Ceilidh tunes are intended for dancing and often (almost always in fact) follow a formula. Each tune has two parts (part A and part b), each of which is 8 bars long - just right for 1 or 2 figures of dancing. Part A is played twice, then Part B is played twice. Once through the tune is once through the dance. The whole tune is then usually repeated, and so playing a "set" of three tunes, each one twice is exactly 6 times through the dance, which is usually about right.

this give me a problem, because I want to keep the drums going through from the harmony section (remember they started back in the rhythm section, actually the beat started before that in the chemistry section) The beat is at a handy 120 bpm. 3 32-bar tunes, each played twice comes to a total of 96 bars. 3 minutes of 120bpm is exactly 90 bars. It's too long.

Which is why it speeds up through the section, this is to make it fit.

So far I have copied drum patterns from the harmony section, recorded all the tunes on one hand on an organ for guide purposes (tricky as some of the tunes go quite fast, but I cheated and sped them up) and have started the process of altering the drums to make them more appropriate to the tunes.

The normal way of working for me, and for almost everybody who has an inkling of knowing what they are doing with multitrack recording, is to start from the drums and bass, any other rhythm (guitars, etc). build up to harmony filling (keebs, etc) and finish with the thing that's meant to grab the interest, the singing or the solo instrument. This time, the tunes are in charge, which is why I want the tunes in for all the process, the nuances of the rhythms in the tunes should be supported by the accompaniment, and this is in fact the way good ceilidh music is built - from the tune down.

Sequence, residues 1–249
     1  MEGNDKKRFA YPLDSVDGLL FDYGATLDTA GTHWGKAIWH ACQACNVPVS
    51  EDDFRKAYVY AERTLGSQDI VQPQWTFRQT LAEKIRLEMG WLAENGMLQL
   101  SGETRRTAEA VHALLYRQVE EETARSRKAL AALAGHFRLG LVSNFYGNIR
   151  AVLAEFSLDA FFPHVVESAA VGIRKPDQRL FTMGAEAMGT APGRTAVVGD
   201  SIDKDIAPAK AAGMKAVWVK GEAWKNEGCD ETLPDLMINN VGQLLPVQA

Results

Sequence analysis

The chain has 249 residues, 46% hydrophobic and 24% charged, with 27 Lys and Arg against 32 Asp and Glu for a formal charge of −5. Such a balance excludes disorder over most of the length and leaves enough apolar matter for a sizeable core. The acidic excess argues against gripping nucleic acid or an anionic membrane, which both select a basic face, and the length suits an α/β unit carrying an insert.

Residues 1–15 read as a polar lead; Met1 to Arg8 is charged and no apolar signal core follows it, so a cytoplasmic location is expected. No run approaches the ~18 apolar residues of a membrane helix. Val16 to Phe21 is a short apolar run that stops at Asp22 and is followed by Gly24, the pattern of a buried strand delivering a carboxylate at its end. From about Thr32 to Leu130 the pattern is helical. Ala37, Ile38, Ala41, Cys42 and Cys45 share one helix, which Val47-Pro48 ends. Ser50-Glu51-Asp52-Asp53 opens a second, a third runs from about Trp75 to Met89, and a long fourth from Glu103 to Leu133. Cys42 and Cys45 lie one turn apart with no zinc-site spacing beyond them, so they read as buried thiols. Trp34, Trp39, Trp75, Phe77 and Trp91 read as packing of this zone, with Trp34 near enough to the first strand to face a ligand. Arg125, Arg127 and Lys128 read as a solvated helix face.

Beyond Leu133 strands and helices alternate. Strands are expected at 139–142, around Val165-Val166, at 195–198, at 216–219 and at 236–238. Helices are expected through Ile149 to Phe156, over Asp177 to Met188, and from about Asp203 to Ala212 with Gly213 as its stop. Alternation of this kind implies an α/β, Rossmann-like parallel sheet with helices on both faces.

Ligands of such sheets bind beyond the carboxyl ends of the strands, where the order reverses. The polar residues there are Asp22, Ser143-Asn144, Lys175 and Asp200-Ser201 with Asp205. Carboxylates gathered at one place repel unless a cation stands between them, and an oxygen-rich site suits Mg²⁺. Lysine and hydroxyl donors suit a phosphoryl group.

After the harpsichord...

...comes the the string quarter playing Pachabel's canon. Well OK almost Pachabel's Canon - just the same chord sequence but as block chords rather than all the fabulous counterpoint. And almost a string quartet too - each sound is really an ensemble sound. This is all about having a chord sequence - and this is a pretty famous sequence. Also it very neatly moves into the next section, as the first melody I'm going to use there has the same (almost) chord sequence.

The drums prevail and the strings play the sequence one. Acoustic guitar and electric bass join and it's played again. Then twice at double sequence speed (each chord takes half as long). Increasingly the feel becomes bouncy and the strings are phased out. Over the whole thing is floated an electric guitar doing vague pentatonic noodling.